words that are translated "Hell" let us notice some
passages that will teach us of Hell with words which
we all can easily understand.
   Matthew 13:49, 50 -- "So shall it be at the end
of the world: the angels shall come forth, and sever
the wicked from among the just, and shall cast
them into the furnace of fire: there shall be wailing
and gnashing of teeth."

   Matthew 25:46 -- "And these shall go away
into everlasting punishment: but the righteous into
life eternal."

   Revelation 9:2 -- "And he opened the
bottomless pit
; and there arose a smoke out of the
, as the smoke of a great furnace; and the sun
and the air were darkened by reason of the smoke
of the pit."

   Revelation 14:10, 11 -- "The same shall drink
of the wine of the wrath of God, which is poured
out without mixture into the cup of his indignation;
and he shall be tormented with fire and brimstone
in the presence of the holy angels, and in the
presence of the Lamb: and the smoke of their
torment ascendeth up for ever and ever
: and they
have no rest day nor night, who worship the beast
and his image, and whosoever receiveth the mark of
his name."

   Revelation 20:10, 15 -- "And the devil that
deceived them was cast into the lake of fire and
, where the beast and the false prophet
are, and shall be tormented day and night for ever
and ever... And whosoever was not found written in the
book of life was cast into the lake of fire

   Revelation 19:20 -- "And the beast was taken,
and with him the false prophet... These both were
cast alive into a lake of fire burning with

   Be not deceived by the deniers of Hellfire.   Such
false teachers are enemies of your soul.   Read these
passages for yourself, and cast into the fire the
trashy literature that tries to explain away plain
statements of God's Word.


   I have a Watchtower (Russellite or so-called
"Jehovah's Witness") book that tries to do away
with the fact that the Bible means what it says in
such passages as the following:
   Matthew 18:8 -- "Wherefore if thy hand or thy
foot offend thee, cut them off, and cast them from
thee: it is better for thee to enter into life halt or
maimed, rather than having two hands or two feet
to be cast into everlasting fire."

   The Greek word for "everlasting" is aionios.
The word means ageless; without beginning, without
ending, or both.   It is used in Romans 16:26 of God
-- "the everlasting [aionios] God[.]"   This use of the
word should clearly show us the meaning of the
word "everlasting."
   A. T. Robertson says of the word: "It comes as
near to the idea of eternal as the Greek can put it
in one word
.   It is a difficult idea to put into

   The very same word (aionios) is used to
describe the future life of the righteous and the
future punishment of the wicked in Matthew 25:46
-- "And these shall go away into everlasting
punishment: but the righteous into life eternal."
the punishment of the wicked is limited, we may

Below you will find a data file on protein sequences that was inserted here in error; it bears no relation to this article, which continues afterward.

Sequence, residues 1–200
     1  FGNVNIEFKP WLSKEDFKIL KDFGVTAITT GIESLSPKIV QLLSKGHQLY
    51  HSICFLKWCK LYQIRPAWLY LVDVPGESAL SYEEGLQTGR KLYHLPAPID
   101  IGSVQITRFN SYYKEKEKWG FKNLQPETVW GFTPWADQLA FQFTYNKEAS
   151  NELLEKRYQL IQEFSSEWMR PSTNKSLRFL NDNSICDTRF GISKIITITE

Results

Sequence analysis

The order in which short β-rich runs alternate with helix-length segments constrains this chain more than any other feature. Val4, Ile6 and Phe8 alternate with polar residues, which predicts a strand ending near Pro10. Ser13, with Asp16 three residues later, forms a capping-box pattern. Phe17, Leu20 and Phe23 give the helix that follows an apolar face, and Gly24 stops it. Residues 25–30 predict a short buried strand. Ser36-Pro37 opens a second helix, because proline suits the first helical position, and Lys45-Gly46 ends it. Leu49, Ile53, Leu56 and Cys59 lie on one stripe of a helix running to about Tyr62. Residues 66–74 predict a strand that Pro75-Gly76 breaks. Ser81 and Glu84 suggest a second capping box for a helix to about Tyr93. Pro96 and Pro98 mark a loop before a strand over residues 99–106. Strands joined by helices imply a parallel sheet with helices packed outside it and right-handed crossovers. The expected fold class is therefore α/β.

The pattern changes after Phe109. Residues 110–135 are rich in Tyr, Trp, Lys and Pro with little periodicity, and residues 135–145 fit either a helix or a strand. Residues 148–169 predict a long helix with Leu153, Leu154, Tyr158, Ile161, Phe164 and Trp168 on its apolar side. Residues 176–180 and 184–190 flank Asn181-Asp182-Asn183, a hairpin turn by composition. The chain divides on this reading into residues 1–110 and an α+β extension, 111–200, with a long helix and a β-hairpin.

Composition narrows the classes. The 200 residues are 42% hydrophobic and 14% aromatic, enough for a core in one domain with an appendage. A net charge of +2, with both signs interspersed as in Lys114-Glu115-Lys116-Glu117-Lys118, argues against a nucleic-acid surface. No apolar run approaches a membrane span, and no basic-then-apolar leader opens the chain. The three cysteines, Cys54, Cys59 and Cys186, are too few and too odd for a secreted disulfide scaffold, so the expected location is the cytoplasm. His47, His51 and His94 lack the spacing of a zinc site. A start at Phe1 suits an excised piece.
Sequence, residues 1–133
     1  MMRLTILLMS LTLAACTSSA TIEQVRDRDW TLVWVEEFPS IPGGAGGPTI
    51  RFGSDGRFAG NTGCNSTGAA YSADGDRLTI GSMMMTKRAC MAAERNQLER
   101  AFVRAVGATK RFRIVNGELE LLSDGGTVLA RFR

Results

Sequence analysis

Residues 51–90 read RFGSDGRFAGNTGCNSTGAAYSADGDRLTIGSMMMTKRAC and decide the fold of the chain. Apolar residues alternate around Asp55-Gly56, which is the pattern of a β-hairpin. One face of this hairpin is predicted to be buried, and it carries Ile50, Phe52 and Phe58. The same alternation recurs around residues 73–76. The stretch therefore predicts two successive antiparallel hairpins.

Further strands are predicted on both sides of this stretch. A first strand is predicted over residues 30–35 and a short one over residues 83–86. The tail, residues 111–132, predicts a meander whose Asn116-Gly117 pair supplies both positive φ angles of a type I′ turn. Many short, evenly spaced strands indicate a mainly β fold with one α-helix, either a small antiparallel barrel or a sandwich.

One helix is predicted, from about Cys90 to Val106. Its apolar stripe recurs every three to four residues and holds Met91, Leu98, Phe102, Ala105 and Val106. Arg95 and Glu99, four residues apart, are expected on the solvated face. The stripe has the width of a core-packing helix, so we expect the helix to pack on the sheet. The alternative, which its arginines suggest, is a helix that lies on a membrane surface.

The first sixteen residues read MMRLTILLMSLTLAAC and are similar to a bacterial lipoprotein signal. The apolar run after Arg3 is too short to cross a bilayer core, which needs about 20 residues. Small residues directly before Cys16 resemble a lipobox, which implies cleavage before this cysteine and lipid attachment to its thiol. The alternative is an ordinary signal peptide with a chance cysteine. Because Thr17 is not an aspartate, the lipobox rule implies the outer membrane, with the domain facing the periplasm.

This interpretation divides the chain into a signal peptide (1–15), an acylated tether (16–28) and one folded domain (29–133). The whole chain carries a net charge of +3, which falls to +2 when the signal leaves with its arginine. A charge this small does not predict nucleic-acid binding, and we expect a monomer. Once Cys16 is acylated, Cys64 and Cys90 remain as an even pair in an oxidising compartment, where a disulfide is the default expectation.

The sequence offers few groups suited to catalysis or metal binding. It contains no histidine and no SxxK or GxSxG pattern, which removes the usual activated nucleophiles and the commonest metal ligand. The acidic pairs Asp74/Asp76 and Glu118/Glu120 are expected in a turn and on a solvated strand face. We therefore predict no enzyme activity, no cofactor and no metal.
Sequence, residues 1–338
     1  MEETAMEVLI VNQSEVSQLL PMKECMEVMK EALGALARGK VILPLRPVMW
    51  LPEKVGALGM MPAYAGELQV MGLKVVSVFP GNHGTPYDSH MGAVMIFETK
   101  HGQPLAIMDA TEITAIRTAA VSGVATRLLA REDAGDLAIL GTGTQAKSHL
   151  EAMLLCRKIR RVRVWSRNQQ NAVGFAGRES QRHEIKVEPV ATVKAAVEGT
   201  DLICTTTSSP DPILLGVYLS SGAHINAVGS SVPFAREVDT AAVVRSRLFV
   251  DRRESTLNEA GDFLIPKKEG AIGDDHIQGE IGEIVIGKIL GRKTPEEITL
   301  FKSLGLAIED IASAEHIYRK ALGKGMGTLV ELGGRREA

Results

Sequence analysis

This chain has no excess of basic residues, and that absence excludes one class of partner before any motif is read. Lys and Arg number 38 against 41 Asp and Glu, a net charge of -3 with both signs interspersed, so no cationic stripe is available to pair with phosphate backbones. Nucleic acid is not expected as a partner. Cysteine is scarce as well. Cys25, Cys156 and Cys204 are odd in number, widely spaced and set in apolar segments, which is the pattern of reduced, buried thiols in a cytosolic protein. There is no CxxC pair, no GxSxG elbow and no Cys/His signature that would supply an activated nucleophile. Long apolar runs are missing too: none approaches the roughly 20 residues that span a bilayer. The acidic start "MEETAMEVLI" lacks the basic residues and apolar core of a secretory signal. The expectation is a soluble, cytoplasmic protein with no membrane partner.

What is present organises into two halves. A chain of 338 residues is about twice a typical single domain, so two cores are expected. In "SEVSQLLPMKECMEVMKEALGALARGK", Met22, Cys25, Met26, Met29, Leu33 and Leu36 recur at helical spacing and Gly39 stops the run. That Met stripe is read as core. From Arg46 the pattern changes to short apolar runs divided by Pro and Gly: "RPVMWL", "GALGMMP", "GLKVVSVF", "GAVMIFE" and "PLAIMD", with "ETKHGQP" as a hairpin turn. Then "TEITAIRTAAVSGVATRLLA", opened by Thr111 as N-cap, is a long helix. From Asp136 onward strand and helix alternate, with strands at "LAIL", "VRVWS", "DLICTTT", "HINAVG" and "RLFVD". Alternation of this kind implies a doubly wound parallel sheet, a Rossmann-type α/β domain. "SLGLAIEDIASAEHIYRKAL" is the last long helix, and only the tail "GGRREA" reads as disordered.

likewise limit the life of the righteous!   But such can
not be done.


   This phrase, "for ever and ever" (eis tous aionas
aionon), occurs 20 times in the New Testament:
   of God -- 16 times.
   of saints' future blessedness -- 1 time.
   of punishment of the wicked and Satan -- 3
   Is it likely that the phrase means absolute
eternity 17 times, and only a limited period the
other three times?   Nonsense!


   Death is never an annihilation.   It is always a
   Adam's death was a separation from God
(Genesis 2:17; 3:23, 24).
   Christ's death was a separation from God
(Matthew 27:46).
   Physical death is a separation of the soul from
the body (Luke 16:22, 23).
   The second death is the final and eternal
of the unsaved in the "lake of fire"
(Revelation 20:11-15.   That the second death is not
annihilation, see Revelation 19:20 and Revelation
   Neither does "destruction" mean annihilation.
Something can be destroyed without being
annihilated.   There is much destruction of property,
goods, buildings, etc., in war, but such things are
not annihilated.
   It will certainly be destruction for the unsaved
in Hell -- destruction of peace, joy, happiness,
pleasure, rest; destruction from all that the saints of
God have in Heaven; but no annihilation.

   If you are lost, reader, then you are doomed to
eternal separation from God in the Gehenna of fire,
unless you look to Him who was separated that
sinners might have life.   If you realize your guilt
before Him, and are aware that you deserve nothing
but Hell because of your sins against the Holy and
Righteous God, there is hope for you.   Listen:
   "But God commendeth his love toward us, in
that, while we were yet sinners, Christ died for us.
Much more then, being now justified by his blood,
we shall be saved from wrath through him"

(Romans 5:8, 9).
   Christ suffered the Hell -- separation from God
-- for all who will depend wholly upon Him.
   "For Christ also hath once suffered for sins, the
just for the unjust, that he might bring us to God"

(1 Peter 3:18).
   "For he [God] hath made him [Christ] to be
sin for us, who knew no sin; that we might be made
the righteousness of God in him"
(2 Corinthians
   Look to Him for redemption from sin, death,
and Hell.

Published by
The Challenge Press
P. O. Box 5567
Little Rock, Arkansas 72215

   Copies of this tract may be obtained from the
above address.

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Note: CHM added the bracketed word [just] 3 times to the above tract.
We did this to avoid the appearance of Bible 'correcting'.

[Christian Helps Ministry (USA)] [Christian Home Bible Course]